In any class that focuses on the Founding era in our MA in American History & Government program (MAHG), you’re almost certainly going to discuss Federalist #1 and how often human history is shaped by “accident and force” instead of “reflection and choice.” I discovered the MAHG program by accidentally keeping a flier from my school mailbox that I meant to discard, and I can’t count the ways that the history of my life has since been affected.
The professional benefits the program gave me are easier to quantify than the personal benefits, but the personal side is more significant. As 2023 drew to a close, I reflected on my relationships over the years and how much joy and gratitude they bring me. So many people in the MAHG program, professors and students alike, have inspired me in so many ways that it’s hard to imagine how different things would be had I thrown away that flier in my mailbox.
One of the benefits offered by a program that brings in teachers and professors from around the country is the opportunity to make friends that end up serving as an extended Professional Learning Community (PLC). I had great colleagues at my school, but MAHG opened my world to a vast group of inspiring and dedicated teachers. Some of them have been featured on this blog before.
Long time readers might have learned that MAHG grad Donna Devlin started and finished her PhD, but those of us who befriended her in our classes got to follow her story all along the way. Through Facebook we felt her setbacks and celebrated her successes, and her perseverance through all of it was inspiring.
If you were following our podcast in the spring of 2020, you would have heard an interview with Julia Rae Fuette about teaching online. I was thrilled to hear her advice. From our time together at Ashland, I knew how much she wanted to challenge her students. I knew also that her experience in online teaching would be invaluable to me. When I reached out to her, she graciously helped me structure my online courses. I wouldn’t have been able to wrap my head around the strange new world I was plunging into without that exchange, and without MAHG I never would have known where to look.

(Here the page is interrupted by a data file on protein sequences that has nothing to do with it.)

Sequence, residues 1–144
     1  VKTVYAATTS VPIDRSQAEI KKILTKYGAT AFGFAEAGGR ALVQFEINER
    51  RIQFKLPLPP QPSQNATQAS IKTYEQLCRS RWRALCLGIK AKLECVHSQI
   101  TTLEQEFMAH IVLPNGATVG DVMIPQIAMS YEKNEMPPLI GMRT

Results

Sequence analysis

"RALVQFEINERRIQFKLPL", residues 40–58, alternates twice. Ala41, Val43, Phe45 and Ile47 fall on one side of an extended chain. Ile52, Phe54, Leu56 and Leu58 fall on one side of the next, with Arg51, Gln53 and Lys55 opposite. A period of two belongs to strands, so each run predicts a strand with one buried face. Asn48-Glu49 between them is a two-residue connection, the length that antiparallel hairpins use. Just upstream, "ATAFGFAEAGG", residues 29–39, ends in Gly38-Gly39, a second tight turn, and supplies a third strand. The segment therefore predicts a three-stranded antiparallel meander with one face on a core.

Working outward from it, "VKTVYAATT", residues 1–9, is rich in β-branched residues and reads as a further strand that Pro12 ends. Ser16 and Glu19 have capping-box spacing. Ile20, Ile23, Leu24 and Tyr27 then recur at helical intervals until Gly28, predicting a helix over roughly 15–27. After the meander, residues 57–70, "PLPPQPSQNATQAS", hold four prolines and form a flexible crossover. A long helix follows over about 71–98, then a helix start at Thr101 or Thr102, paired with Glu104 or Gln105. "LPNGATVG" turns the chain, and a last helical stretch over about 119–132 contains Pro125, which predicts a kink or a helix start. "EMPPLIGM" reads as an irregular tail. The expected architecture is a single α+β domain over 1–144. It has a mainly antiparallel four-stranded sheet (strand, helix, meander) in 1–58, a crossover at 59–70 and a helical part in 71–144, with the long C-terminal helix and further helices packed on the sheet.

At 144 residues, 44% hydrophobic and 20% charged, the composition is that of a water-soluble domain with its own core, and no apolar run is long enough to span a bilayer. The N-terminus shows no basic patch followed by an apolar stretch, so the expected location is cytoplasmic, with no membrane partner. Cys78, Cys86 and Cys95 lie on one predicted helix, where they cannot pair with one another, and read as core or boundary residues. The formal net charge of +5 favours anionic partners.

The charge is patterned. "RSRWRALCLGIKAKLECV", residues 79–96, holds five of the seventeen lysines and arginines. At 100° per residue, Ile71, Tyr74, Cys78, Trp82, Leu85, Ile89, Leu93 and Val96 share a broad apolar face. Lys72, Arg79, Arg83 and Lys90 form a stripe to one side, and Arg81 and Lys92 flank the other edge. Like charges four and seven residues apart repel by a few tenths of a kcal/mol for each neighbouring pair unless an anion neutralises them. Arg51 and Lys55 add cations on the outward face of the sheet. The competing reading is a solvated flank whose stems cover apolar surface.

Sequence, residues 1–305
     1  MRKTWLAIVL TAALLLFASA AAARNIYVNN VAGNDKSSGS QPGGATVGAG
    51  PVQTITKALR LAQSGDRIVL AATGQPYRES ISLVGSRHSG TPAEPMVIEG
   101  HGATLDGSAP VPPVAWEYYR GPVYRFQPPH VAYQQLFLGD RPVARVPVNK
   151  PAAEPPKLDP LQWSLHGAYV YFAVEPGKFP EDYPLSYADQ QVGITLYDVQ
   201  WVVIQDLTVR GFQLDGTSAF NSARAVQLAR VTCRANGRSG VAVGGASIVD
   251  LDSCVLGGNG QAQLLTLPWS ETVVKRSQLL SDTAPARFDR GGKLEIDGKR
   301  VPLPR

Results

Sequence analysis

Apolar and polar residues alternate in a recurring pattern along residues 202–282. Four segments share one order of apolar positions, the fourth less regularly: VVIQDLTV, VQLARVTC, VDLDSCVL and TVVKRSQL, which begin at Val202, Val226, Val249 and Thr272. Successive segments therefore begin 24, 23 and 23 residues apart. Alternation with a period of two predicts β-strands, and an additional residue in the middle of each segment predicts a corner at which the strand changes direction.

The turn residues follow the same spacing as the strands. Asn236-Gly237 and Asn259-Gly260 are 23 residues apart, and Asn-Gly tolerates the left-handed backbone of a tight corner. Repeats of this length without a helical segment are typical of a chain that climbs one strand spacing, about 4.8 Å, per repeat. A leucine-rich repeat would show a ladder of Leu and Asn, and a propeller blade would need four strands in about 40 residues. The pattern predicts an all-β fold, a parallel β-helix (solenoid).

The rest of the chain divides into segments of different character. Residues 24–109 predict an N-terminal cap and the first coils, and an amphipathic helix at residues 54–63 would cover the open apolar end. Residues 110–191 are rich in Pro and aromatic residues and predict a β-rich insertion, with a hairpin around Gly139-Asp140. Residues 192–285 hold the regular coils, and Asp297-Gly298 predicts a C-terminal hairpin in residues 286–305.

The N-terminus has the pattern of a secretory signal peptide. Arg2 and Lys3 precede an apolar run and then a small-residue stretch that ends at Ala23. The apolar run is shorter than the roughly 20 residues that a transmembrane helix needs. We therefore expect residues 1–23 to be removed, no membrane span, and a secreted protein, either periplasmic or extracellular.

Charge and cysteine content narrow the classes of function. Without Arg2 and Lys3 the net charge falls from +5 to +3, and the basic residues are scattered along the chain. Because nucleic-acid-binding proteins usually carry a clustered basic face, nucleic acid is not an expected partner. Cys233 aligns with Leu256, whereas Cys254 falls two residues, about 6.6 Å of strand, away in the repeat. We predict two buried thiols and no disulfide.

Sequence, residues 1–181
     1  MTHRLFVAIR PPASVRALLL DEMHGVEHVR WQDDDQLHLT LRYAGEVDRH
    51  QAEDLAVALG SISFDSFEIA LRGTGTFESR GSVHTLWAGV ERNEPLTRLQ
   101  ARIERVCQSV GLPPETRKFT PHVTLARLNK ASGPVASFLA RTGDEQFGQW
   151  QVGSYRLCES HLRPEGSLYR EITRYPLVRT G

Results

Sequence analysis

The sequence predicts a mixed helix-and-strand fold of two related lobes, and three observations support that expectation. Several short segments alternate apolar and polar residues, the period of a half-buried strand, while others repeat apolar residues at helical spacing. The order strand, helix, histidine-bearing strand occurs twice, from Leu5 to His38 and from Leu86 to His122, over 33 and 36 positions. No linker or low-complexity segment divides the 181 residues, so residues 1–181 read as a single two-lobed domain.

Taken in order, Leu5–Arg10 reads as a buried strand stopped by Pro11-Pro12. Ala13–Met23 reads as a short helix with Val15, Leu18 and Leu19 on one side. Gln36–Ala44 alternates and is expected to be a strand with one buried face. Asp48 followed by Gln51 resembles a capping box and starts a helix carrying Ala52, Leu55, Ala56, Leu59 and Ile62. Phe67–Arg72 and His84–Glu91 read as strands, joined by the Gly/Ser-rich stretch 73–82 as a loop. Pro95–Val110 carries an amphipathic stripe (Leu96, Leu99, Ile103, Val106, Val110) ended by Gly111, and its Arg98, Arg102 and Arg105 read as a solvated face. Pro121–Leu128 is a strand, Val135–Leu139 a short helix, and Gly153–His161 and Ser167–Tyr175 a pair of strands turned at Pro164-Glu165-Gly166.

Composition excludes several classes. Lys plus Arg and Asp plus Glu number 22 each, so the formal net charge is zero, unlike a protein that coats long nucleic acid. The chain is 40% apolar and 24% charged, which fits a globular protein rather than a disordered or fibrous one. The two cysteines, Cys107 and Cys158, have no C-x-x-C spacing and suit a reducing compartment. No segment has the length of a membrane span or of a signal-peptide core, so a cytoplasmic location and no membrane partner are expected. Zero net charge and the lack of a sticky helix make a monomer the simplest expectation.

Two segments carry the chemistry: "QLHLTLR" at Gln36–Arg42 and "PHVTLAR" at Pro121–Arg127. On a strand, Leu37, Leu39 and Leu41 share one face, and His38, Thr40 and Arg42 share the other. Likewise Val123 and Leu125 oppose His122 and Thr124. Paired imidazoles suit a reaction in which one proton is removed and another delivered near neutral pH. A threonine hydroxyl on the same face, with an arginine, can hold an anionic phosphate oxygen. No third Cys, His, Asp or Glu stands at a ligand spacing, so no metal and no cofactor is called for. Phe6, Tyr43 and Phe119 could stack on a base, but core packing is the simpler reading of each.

And while the relationships you form in MAHG certainly have the kind of professional benefits you’d get from a national PLC network, the friendships are just as valuable. It’s thrilling to bump into old friends like Brett Van Gaasbeek at a One-Day Seminar here in Ohio or Rusty Eder at a Weekend Seminar in Virginia.
But even keeping in touch virtually brings me happiness. From following the baseball career of Professor Dan Monroe’s son, to debating with Heather Loeschke about whether Antifederalist Melancton Smith should be shoe-horned into high school curriculum (and by golly, he should!), there are plenty of opportunities for small interactions with a diverse group of people I respect and care about.
No other graduate program can do what MAHG does. No other program draws together teachers from all walks of life and from every state, immersing some of the most dedicated teachers in the country in a week of lively discussions in and out of the classroom.
And with our summer schedule available now, it’s a great time to start planning how you’ll spend your summer vacation. Now that I’m working in the MAHG program full time, I get to spend my summers meeting an ever-increasing community of inspiring people.
And to think I almost threw away that flier.
Special note: if you’re interested in one of our degrees, you should check out our advice for applying for the James Madison Memorial Fellowship! This $24,000 fellowship is a great opportunity for teachers, and both of our degrees meet their eligibility requirements. Their application window closes on March 2, so you still have time to work on it.